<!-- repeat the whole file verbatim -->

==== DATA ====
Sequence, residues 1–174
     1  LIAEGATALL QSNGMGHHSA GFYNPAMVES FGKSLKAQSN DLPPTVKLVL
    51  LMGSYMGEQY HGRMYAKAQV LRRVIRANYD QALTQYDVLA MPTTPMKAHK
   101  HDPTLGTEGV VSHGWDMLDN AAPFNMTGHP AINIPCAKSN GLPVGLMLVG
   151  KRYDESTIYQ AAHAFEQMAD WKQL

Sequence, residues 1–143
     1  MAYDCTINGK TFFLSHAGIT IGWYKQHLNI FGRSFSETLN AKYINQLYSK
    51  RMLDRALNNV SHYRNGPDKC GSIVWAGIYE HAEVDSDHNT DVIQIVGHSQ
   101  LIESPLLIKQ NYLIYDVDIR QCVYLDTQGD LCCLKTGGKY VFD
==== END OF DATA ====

Sequence, residues 1–174
     1  LIAEGATALL QSNGMGHHSA GFYNPAMVES FGKSLKAQSN DLPPTVKLVL
    51  LMGSYMGEQY HGRMYAKAQV LRRVIRANYD QALTQYDVLA MPTTPMKAHK
   101  HDPTLGTEGV VSHGWDMLDN AAPFNMTGHP AINIPCAKSN GLPVGLMLVG
   151  KRYDESTIYQ AAHAFEQMAD WKQL

Sequence, residues 1–143
     1  MAYDCTINGK TFFLSHAGIT IGWYKQHLNI FGRSFSETLN AKYINQLYSK
    51  RMLDRALNNV SHYRNGPDKC GSIVWAGIYE HAEVDSDHNT DVIQIVGHSQ
   101  LIESPLLIKQ NYLIYDVDIR QCVYLDTQGD LCCLKTGGKY VFD